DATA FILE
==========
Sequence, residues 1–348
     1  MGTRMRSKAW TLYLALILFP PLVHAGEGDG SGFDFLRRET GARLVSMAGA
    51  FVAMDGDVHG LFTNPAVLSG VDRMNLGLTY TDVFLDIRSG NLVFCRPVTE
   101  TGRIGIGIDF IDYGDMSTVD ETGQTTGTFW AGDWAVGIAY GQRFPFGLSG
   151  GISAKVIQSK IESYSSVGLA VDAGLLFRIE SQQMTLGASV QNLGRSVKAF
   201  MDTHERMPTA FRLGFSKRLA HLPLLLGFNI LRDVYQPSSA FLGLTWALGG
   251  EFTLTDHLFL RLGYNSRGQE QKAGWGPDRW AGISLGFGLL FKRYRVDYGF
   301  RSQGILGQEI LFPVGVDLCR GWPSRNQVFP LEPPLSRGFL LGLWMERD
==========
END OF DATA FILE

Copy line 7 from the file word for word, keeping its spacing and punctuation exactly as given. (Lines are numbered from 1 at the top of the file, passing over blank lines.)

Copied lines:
   251  EFTLTDHLFL RLGYNSRGQE QKAGWGPDRW AGISLGFGLL FKRYRVDYGF